Prop ’em up on solid blocking, and parallel. To check for parallelity, measure between them and adjust until equidistant (parallel in plan view). Then eyeball across opposite edges and adjust one end of one beam until edges align (parallel in profile). Finally , lay a straight edge across their upper faces and adjust until it lies flat across both at all points (coordinate their rotation). Repeat until all satisfy, then block and shim securely into position.

Note that this accounts for square and true, but not plumb. TriloBoats are self-rectifying, so plumb is elective. If you’re type-A, go ahead and adjust for plumb with a level.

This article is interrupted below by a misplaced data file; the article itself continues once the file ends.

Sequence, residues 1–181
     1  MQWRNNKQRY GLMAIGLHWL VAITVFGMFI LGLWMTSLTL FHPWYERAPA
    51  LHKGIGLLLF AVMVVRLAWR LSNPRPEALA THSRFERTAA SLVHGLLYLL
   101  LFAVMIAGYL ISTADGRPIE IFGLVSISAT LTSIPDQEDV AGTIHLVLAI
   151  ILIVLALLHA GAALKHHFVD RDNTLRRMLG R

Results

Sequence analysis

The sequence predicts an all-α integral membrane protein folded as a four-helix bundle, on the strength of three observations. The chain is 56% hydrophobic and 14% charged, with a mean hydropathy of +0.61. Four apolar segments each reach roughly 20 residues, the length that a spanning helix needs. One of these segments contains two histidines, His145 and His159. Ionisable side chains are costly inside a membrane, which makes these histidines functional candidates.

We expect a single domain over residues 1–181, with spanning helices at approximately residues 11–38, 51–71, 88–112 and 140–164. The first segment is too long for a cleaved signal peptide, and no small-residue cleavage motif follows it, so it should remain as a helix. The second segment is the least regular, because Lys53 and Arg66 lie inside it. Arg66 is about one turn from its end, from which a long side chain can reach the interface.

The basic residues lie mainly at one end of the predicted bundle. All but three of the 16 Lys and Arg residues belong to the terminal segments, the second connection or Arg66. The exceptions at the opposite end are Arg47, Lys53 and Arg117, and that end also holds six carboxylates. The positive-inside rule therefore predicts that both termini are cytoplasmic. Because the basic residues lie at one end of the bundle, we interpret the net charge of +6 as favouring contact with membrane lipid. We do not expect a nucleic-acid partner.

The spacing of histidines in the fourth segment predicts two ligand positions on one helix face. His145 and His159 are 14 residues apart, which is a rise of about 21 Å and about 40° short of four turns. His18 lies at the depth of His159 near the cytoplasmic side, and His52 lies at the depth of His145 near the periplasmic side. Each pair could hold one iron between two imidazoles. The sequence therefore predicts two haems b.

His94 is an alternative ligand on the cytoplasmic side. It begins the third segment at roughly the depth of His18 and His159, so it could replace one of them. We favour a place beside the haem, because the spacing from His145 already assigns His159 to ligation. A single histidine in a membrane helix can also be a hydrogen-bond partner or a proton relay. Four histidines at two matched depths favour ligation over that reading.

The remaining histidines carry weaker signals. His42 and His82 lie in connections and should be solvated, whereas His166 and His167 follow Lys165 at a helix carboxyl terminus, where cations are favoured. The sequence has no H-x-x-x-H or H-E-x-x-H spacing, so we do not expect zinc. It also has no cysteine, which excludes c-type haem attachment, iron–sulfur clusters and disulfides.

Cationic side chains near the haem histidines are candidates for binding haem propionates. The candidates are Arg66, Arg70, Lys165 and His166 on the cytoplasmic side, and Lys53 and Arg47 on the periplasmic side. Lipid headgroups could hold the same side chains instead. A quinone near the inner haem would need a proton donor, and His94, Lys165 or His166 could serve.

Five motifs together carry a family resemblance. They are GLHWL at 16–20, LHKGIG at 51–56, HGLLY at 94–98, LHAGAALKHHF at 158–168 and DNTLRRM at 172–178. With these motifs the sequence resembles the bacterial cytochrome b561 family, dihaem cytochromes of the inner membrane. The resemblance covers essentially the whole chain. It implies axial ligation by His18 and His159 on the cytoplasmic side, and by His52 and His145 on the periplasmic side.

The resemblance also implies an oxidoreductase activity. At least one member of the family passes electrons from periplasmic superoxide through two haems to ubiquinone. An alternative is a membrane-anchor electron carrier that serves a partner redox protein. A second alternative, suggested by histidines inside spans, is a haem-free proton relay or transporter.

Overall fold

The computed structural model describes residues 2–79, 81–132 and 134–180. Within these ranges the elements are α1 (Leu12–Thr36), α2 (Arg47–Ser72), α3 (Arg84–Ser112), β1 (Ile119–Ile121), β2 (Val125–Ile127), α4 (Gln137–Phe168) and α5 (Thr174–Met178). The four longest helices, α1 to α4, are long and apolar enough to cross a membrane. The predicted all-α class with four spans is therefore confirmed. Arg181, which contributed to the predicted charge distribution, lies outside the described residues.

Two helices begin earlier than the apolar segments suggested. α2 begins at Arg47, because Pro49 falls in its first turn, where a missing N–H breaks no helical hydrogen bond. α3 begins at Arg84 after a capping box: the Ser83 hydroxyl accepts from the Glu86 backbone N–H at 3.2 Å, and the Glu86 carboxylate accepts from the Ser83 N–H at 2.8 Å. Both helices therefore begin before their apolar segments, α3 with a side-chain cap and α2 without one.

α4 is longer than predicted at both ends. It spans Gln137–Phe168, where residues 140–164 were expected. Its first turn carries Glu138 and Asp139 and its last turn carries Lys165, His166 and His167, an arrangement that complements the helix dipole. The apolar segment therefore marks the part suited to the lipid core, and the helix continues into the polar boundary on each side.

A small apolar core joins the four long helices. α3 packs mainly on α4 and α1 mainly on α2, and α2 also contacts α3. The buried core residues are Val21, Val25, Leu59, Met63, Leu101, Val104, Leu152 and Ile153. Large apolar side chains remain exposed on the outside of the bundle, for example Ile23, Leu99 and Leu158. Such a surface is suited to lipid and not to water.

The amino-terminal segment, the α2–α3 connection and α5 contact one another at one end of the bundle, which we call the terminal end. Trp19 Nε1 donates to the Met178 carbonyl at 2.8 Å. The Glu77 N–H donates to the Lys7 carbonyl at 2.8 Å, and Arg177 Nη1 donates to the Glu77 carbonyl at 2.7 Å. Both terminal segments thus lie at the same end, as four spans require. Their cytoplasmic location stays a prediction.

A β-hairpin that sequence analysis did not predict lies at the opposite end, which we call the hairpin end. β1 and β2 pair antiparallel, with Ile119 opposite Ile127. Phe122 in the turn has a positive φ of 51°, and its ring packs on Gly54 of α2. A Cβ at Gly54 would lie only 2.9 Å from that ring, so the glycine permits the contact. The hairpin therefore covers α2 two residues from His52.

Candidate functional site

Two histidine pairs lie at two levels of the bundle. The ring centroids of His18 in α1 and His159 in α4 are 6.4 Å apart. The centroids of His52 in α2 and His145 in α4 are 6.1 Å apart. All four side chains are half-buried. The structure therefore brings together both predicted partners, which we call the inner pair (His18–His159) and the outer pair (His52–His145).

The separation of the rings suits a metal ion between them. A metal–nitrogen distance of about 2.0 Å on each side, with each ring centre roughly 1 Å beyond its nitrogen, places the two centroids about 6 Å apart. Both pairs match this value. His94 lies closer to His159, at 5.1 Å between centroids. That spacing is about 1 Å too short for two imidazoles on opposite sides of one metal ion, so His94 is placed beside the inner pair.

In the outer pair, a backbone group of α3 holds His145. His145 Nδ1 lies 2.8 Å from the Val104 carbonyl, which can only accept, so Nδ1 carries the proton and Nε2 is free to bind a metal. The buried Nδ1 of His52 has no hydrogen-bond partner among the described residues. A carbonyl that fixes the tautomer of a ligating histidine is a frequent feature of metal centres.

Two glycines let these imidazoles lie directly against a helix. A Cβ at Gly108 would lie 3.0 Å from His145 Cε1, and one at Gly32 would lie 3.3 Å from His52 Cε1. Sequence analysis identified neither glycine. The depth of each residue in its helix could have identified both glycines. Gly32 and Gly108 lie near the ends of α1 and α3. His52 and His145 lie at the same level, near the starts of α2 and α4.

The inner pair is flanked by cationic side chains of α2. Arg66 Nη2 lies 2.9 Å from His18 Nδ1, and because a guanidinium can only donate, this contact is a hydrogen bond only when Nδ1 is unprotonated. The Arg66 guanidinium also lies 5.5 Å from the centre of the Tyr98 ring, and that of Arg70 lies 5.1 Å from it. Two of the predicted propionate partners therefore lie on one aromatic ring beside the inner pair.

A few terms for our discussion
8ft sheets on 12ft beam…
Lots of extra work.

Note jig is not level.

Once the jig is ready, lay out the deadflat components in order. Depending on how you’re going about things, these could range from plain, full sheets of ply to pre-fabbed and finished stacks of ply (layers offset to provide overlap at the butts… minimum 1ft). Glue ’em up and join them, one component at a time.

I prefer at least one of these layers to be 3/4″ ply. This is thick enough to accept ringshank nails, which provide a good lock and clamping pressure until glue dries. Butts may be backed up, later, by fiberglass tape set in resin, straddling the butt seams. Waterproof, and adds a LOT of strength.

Once the deadflat is together, you’ve got a big, flat platform. Join and frame the side panels… let set up overnight. Next day, pull aside, erect bulkheads on your marks, position sides and join to bulkheads and bottom. This day is exciting. Lots of friends help… reward with pizza, beverages and music.